TEST 3: Swap The ‘No Spark’ COP Coil

Swapping The Ignition Coils. How To Test The COP Ignition Coils (Chrysler, Dodge, Jeep 4.7L)

So far, you've confirmed that there's a COP coil that's not sparking (TEST 2) and as mentioned in TEST 2, this usually means that you have a bad COP coil on your hands but not always.

To make sure that the COP coil is truly fried, in this test step, you're gonna' swap ignition coils and test for spark again.

If the good COP ignition coil sparks (in the place of the one that did not spark) then you now know beyond a shadow of a doubt that the COP coil is getting all 3 signals from its connector.

This is what you'll need to do:

  1. 1

    Unplug and remove the COP ignition coil that did not spark.

  2. 2

    Choose one of the other COP coils that is sparking and remove it from its place.

    Verify that the COP coil is sparking by testing it with your spark tester (if necessary).

  3. 3

    Connect the good COP coil to the connector of the bad COP ignition coil.

    Next, connect the HEI spark tester to this good COP coil.

    Ground the HEI spark tester with a jump start cable directly on the battery negative (-) terminal.

  4. 4

    Place the bad COP ignition coil in the location of the good one you just removed and bolt it down.

  5. 5

    Once everything is ready, have your helper crank the engine.

  6. 6

    The good ignition coil should spark.

Let's take a look at your test results:

CASE 1: The COP ignition coil sparked. This tells you that the COP coil that did not spark in TEST 2 is bad and needs to be replaced.

If you need/want to save a few bucks and buy a good quality COP coil for your vehicle, look at this section: Where To Buy A COP Ignition Coil for my suggestion.

CASE 2: The COP ignition coil DID NOT spark. This tells you that the COP coil (you just swapped) is good and that the reason it's not sparking is a lack of power or a switching signal.

The next step for you is to:

  1. Check that one of the two wires is providing power (10 to 12 Volts).
    1. This is usually the light green with orange stripe wire.
  2. Check that the other wire is providing the PCM's switching signal.

What usually happens here is one of two things: either the switching signal wire has an ‘open-circuit’ problem between the coil connector and the PCM connector or the PCM goes bad.

Having a bad PCM is a rare thing to happen, but it does happen. Although it's beyond the scope of this article to test this condition, you now at least know what direction your diagnostic needs to take.

TEST 4: Cylinder Balance Test

A cylinder balance test will help you determine which engine cylinder is the one missing (misfiring), especially when the PCM does not set a specific misfire trouble code.

In a nutshell, the cylinder balance test involves starting the engine, letting it idle, and then unplugging one fuel injector at a time to see which cylinder is ‘dead’.

By ‘dead’ I mean not contributing to engine power. Now, let me go into more specifics: If an engine cylinder is getting both spark, fuel, and has good compression and you unplug its fuel injector connector, you're gonna' visibly see the engine shake more.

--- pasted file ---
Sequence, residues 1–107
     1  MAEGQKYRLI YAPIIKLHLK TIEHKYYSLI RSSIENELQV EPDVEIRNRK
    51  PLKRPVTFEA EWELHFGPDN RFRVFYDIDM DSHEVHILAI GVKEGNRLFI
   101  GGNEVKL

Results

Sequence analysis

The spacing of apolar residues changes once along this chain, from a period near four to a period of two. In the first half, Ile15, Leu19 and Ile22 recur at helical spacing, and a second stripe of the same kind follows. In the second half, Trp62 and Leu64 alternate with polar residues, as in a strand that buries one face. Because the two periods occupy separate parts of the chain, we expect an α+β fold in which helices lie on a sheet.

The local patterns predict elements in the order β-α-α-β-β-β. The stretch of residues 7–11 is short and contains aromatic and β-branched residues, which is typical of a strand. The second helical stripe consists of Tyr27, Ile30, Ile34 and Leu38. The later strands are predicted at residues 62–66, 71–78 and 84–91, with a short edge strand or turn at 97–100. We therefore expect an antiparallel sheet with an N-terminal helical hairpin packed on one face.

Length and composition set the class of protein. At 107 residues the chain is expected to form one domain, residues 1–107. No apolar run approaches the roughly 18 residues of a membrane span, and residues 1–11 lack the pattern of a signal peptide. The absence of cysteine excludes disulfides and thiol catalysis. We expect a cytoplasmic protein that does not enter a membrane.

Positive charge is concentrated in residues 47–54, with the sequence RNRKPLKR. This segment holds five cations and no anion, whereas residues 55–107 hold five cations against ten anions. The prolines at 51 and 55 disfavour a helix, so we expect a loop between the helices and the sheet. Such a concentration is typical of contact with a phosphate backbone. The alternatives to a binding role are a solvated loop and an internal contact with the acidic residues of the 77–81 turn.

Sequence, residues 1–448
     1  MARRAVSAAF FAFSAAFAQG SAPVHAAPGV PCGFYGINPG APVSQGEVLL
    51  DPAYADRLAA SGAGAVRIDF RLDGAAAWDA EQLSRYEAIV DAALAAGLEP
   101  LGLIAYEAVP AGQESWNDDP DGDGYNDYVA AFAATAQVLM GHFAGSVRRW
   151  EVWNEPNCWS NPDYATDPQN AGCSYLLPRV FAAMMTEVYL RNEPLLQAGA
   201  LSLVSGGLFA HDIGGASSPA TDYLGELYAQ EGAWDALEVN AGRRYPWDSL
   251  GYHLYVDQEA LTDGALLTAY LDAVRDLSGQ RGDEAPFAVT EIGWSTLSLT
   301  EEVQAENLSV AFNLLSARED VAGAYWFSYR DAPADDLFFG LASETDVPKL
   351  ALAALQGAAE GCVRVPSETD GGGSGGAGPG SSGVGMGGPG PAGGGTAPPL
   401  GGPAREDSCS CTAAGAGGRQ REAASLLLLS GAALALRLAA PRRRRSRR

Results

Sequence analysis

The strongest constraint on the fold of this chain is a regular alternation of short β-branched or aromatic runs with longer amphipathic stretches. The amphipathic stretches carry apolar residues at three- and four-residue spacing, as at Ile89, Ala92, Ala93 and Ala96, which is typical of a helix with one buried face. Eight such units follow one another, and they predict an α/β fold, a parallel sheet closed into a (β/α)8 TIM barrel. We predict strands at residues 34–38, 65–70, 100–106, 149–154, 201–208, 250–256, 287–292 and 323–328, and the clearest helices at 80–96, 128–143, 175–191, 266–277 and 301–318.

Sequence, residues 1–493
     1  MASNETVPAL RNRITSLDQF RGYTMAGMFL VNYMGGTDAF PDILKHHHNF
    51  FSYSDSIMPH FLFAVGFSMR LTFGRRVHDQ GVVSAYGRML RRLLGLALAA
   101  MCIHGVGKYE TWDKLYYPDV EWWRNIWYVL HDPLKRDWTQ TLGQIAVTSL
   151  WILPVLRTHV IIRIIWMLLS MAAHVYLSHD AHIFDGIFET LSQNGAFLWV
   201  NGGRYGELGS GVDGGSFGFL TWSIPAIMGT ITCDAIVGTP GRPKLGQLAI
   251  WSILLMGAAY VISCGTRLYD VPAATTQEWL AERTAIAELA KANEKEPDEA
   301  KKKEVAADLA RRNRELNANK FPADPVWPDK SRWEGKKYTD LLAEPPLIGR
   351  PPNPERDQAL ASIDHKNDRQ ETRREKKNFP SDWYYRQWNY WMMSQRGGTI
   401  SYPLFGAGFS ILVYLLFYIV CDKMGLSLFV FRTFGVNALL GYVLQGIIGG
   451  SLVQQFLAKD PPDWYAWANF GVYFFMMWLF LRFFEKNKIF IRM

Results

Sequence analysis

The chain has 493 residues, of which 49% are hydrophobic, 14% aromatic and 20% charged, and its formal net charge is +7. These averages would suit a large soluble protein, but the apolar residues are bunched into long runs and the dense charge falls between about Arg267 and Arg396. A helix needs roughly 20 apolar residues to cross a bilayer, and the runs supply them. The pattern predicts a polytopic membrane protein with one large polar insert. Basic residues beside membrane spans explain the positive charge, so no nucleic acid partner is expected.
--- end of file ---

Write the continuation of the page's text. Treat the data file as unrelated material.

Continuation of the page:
But if that engine cylinder is not getting one of the three (fuel, spark, or compression), unplugging the fuel injector WILL NOT cause a difference in idle at all (the engine will not shake more).

This type of cylinder balance test is very effective at finding the ‘dead’ cylinder. What I usually do, to further aid in finding the dead cylinder, is attaching a vacuum gauge to the intake manifold and as I unplug each fuel injector I listen/look for the change in idle and see if the vacuum gauge's needle also records the change.

OK, this is what you need to do:

  1. Start the engine and let it idle.
  2. Once the idle has stabilized, briefly unplug the fuel injector for cylinder #1.
  3. If the cylinder is ‘dead’
    1. You won't see/feel a difference in the engine's idle quality.
  4. If the cylinder is NOT ‘dead’
    1. You will see/feel a difference in the engine's idle quality.
  5. Now reconnect the fuel injector and move on to the next fuel injector and disconnect and connect its connector and check for a drop in engine RPM's.
  6. Test all engine cylinders in this manner.

Let's take a look at your test results:

CASE 1: The cylinder balance test identified a ‘dead’ cylinder. Now that you have identified the cylinder with the misfire, the next step is to check and confirm that it's not being caused by a bad COP (Coil-On-Plug) ignition coil.

This involves checking the COP ignition coil for spark, you can now start with: TEST 2: Check The Ignition Coil For Spark.

CASE 2: The cylinder balance test DID NOT identify a ‘dead’ cylinder. This tells you that you don't have a specific ‘dead’ cylinder.

Now, if your vehicle is experiencing a rough idle condition then it's something that's affecting all of the cylinders and not just one. My suggestion in this case is to look at: TEST 5: Common Causes Of A P0300.

Chrysler Vehicles:

  • Aspen 4.7L
    • 2007

Dodge Vehicles:

  • Dakota 4.7L
    • 2000, 2001, 2002, 2003, 2004, 2005, 2006, 2007
  • Durango 4.7L
    • 2000, 2001, 2002, 2003, 2004, 2005, 2006, 2007

Dodge Vehicles:

  • 1500 Ram Pickup 4.7L
    • 2002, 2003, 2004, 2005, 2006, 2007

Jeep Vehicles:

  • Commander 4.7L
    • 2006, 2007
  • Grand Cherokee 4.7L
    • 1999, 2000, 2001, 2002, 2003, 2004, 2005, 2006, 2007

Mitsubishi Vehicles:

  • Raider 4.7L
    • 2006, 2007